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Book Title: An Absence of Shadows|
The author of the book: Marjorie Agosín
Edition: White Pine Press
Date of issue: November 1st 2009
Format files: PDF
The size of the: 4.78 MB
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Loaded: 2727 times
Reader ratings: 4.8
ISBN 13: 9781877727924
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Just a few years after 9/11, I was in a poetry class where Marjorie Agosin was invited to talk. She proceeded to talk about a different 9/11, from 1973, when Chile was taken over by the military, initiating a near two-decade tyrannical regime under Pinochet. Incredibly, the reaction of the classroom after the visit was that this woman had no right to try and “appropriate” 9/11, that whatever she’d experienced couldn’t have been nearly as devastating as “our” 9/11...I’ve been outraged about that ever since.
What makes it so much worse is that Agosin’s medium of expression is poetry. Poets in the US, as with much of the arts, tend to lean left. They were among the vocal detractors of the Iraq War, the vitriolic reaction against which was playing out at the same time as the visit. The poem I remember best is “The President,” which is the most casually arresting piece in this collection, a portrait of Pinochet’s elegant inhumanity, contrasting his white outfit with the blood he so readily sheds from others. The rest of the collection (actually featuring two smaller ones, plus new material) is otherwise drenched in pathos concerning the disappeared, a theme so unrelentingly revisited that it becomes incredibly hard to imagine anyone missing the point.
But isn’t that why poetry of this kind is written? In the years after this visit, I became familiar with another Chilean poet, the late novelist Roberto Belaño, who among other books wrote 2666, a devastating tapestry of death concerning an unsolved series of murders in a Mexican border town. Reading An Absence of Shadows, it’s hard not to imagine in retrospect that Belaño was in fact writing an elaborate analogy of the brutal Pinochet years, which like Agosin he escaped by exile.
Agosin’s poetry is the kind that affirms the craft. Too often poetry becomes indulgent, the work of dilettantes more excited about tradition and being a part of an increasingly niche medium than adding something worthwhile to it, of using the language (and poetry is a language all its own) to sound mysterious or clever rather than be a witness, whether to one’s own life or to the times they live in. If Agosin is part of the tradition of sorrow, she has something real to be sorry about, and that makes it true, too. That she reports both on her own pain, and the memory of things she didn’t experience herself, makes the results that much more compelling. Pointedly, she likes to evoke Anne Frank, and reminds us that Jews suffered in Chile, too.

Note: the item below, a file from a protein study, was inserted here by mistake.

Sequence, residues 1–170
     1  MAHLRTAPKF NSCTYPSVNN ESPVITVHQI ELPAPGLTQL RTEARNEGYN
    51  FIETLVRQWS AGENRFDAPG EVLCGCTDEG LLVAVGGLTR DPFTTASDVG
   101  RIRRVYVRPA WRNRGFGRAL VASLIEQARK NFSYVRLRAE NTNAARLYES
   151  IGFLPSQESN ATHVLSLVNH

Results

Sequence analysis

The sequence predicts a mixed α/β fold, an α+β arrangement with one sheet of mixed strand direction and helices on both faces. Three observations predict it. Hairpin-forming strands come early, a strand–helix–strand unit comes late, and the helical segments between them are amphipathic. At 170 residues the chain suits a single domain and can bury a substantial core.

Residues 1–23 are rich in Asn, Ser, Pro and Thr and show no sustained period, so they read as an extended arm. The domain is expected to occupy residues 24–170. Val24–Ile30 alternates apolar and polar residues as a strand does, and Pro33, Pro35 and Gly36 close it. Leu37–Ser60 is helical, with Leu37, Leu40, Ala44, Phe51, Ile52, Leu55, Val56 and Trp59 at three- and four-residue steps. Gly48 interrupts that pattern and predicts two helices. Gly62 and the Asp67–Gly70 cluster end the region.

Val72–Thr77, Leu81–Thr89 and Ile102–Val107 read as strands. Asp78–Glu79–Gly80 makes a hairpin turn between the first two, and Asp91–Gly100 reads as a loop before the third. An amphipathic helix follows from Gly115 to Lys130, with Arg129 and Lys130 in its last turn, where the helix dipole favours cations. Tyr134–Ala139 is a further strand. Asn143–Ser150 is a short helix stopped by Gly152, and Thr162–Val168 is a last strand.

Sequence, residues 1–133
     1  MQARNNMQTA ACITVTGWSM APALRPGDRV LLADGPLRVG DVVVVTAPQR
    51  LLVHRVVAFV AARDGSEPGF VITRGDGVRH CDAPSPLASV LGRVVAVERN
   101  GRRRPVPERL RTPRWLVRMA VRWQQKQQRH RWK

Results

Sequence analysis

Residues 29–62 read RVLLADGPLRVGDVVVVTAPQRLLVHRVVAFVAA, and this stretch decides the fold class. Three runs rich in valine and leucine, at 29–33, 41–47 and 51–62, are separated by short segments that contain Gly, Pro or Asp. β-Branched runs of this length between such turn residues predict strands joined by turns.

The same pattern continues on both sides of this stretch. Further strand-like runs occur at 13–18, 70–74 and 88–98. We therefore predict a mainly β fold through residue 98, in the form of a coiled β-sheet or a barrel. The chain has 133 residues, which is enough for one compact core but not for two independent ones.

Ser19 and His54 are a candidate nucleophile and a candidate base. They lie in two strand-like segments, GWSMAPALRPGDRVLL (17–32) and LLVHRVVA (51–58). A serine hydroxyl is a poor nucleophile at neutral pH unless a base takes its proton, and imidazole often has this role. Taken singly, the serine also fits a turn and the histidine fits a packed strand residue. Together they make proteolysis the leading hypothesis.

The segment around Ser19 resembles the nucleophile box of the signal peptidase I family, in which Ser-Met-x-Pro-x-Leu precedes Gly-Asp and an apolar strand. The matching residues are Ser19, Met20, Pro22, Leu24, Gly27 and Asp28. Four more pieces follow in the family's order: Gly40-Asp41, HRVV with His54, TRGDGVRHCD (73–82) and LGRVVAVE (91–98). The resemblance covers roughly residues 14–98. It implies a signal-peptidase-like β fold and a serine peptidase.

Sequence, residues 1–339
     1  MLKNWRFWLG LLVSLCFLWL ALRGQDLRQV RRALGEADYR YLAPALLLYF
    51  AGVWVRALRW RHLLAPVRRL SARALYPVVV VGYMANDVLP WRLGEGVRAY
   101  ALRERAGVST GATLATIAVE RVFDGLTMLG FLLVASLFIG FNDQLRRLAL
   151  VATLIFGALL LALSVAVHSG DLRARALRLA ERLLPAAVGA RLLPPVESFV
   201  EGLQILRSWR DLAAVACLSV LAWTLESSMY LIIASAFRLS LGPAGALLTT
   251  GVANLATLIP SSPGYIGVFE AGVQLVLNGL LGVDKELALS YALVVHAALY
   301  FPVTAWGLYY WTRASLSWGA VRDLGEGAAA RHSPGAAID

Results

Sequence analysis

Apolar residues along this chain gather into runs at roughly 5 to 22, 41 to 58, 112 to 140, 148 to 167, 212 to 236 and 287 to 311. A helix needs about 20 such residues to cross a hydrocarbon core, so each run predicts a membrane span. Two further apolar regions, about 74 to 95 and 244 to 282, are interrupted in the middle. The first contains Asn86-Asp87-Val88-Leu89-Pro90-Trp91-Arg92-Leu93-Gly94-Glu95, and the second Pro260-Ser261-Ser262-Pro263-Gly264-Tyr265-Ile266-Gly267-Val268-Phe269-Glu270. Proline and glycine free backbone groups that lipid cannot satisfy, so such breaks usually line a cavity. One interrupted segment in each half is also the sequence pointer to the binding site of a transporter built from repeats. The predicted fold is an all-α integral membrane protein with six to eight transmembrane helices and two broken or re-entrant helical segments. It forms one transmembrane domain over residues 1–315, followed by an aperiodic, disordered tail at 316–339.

As with all books of poetry, there can sometimes be a feeling of indulgence, that if she had sharpened this or that piece, rather than thrown it all together, there might have been one definitive piece to point to. I choose “The President” partly or perhaps entirely due to my personal experience with Agosin. But it’s as concise as the collection gets. I’m just not sure it’s the one that summarizes the whole thing.
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Read information about the authorMarjorie Agosín was born in Maryland and raised in Chile. She and her parents, Moises and Frida Agosín, moved to the United States due to the overthrow of the Chilean government by General Pinochet's military coup. Coming from a South American country and being Jewish, Agosín's writings demonstrate a unique blending of these cultures.
Agosín is well known as a poet, critic, and human activist. She is also a well-known spokesperson for the plight and priorities of women in Third World countries. Her deep social concerns and accomplishments have earned her many awards and recognitions, and she has gained an international reputation among contemporary women of color.
Agosín, a passionate writer, has received critical acclaim for her poetry collections, her close reflections on her parents and family, and her multi-layered stories. Within every novel, story, or poem, she captures the very essence of Jewish women at their best. Agosín's works reveal the experiences of pain and anguish of Jewish refugees. She writes about the Holocaust as well as anti-Semitic events that occurred in her native land.
Agosín has many fascinating works and is recognized in both North and South America as one of the most versatile and provocative Latin American writers. Agosín became a writer to make a difference: "I wanted to change the world through peace and beauty," she said. Today she is not only a writer, but also a Spanish professor at Wellesley College.
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